Maltman's Green School Historical Photo
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Our History

In 2018 Maltman’s Green School turned 100. It was a time for us to celebrate and share our rich history. But while we explore just what has made our school so special, we continue our century long tradition for innovation, development and adaptation. The school has always managed to focus its gaze on the future while being highly effective in the present.

When Miss Chambers opened her senior school for girls in 1918 it was with the backing and encouragement of a group of parents who saw something special in her vision. Her principles for education were progressive, transformative and – as some said at the time – rather radical. Miss Chambers was ahead of her time, teaching, in 1918, the much more modern practice of child-centred learning and an individualised approach to education. She was a pioneer and her ideals for independence, freedom and initiative in the classroom still endure to this day.

At Maltman’s Green we support our girls to be independent and courageous, inspiring an attitude of self-belief and self-worth. During their time here, they will acquire the skills and understanding needed to become strong, successful, contemporary women.

The Estate

The House at Maltman’s Green has a strong and rich history. Built in the 17th Century it was home to a William Grimsdale and his wife, Alice. William was a yeoman farmer with 20 acres of land and used at least part of the building as a malt house, or maltings, for brewing beer – the origins of the name Maltman’s Green. After the Grimsdales, the house was occupied by a succession of small farmers and in 1847 the name of the house changed – first to Milton Green and then to Milton Hill. Quite why, we are not sure. But then, in 1884, Mr. A.H Drummond purchased the house, changing the name back to Maltman’s Green and significantly extending the property to house his nine children.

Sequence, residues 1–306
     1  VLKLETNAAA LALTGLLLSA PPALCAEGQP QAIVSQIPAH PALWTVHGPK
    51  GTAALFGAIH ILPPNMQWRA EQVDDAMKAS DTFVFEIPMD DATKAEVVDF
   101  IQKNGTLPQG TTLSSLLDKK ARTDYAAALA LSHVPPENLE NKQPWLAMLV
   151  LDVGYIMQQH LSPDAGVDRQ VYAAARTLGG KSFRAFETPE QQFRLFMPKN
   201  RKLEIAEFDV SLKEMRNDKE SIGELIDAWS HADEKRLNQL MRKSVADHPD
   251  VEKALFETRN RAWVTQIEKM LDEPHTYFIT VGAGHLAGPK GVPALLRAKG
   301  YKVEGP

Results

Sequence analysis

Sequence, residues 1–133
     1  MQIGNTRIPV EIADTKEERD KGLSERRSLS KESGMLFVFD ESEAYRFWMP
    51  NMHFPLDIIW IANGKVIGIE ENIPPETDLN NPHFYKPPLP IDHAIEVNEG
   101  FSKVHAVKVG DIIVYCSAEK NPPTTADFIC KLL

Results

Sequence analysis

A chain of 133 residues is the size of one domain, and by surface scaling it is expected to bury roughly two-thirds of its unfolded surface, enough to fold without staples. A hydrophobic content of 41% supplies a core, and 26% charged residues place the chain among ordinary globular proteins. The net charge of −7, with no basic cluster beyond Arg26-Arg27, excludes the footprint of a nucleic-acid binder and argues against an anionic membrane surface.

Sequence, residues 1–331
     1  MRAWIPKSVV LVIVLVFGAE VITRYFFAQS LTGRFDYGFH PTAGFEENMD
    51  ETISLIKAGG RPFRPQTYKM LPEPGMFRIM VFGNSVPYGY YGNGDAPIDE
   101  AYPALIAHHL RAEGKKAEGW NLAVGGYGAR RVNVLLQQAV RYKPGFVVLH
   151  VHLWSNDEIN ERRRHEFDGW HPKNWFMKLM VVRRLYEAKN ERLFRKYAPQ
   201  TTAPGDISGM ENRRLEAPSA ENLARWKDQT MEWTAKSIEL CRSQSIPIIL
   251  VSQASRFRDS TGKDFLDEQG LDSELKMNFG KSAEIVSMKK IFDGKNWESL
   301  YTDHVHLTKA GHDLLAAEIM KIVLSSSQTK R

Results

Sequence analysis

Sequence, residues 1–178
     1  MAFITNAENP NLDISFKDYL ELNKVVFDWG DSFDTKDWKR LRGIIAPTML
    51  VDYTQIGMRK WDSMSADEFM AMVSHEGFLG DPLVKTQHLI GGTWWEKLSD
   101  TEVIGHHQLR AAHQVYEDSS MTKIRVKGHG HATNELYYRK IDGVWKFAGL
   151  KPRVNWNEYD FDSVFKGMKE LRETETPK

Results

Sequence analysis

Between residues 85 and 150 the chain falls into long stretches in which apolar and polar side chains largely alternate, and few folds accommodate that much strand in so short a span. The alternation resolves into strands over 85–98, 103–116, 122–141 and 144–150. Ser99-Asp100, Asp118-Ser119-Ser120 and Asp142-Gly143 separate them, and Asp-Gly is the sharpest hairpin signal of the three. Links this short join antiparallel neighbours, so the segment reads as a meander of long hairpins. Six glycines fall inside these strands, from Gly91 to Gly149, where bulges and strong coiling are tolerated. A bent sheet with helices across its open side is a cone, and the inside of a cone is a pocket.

The School

Some 34 years later, in 1918, the house and surrounding land was sold to Miss Beatrice Elizabeth Chambers, who founded Maltman’s Green School to provide a unique educational experience for girls aged 8 to 18. Miss Chambers adopted a more free-style approach to education that brought learning out of the draconian, Victorian schoolroom. She believed in a system that would develop character and intellect, encourage self-expression and increase initiative. Her progressive principles have permeated the school ever since.

Miss Chambers retired in 1944 and Miss Theodora Lowe was appointed headmistress by the school council the following year. Miss Lowe did away with the practice of academic freedom employed by Miss Chambers, which allowed the girls to choose which lessons they went to, and instead adopted a curriculum style method of teaching.

Succeeding Miss Lowe as Headmistress in 1958 was Miss Burke, who had been teaching at the school for four years. Along with Peter Ewen, the owner of Maltman’s Green, she proposed changing the school to a preparatory boarding and day school for girls age 5 to 13. Since that time, another four Headmistresses have come and gone and a further change saw the school cease its boarding provision.

Today the School provides education for approximately 320 girls from the age of 2 to 11. Mrs Pardon, headmistress since 2005, retired in summer 2020 and Mrs Walker has taken up the baton. Like Miss Chambers one hundred years ago, we still teach girls to be independent and courageous, inspiring an attitude of self-belief, self-worth and self-expression. Pioneers like Miss Chambers paved the way for women in the previous century and, leading by her example, we now shape the future for our girls in the twenty-first century.

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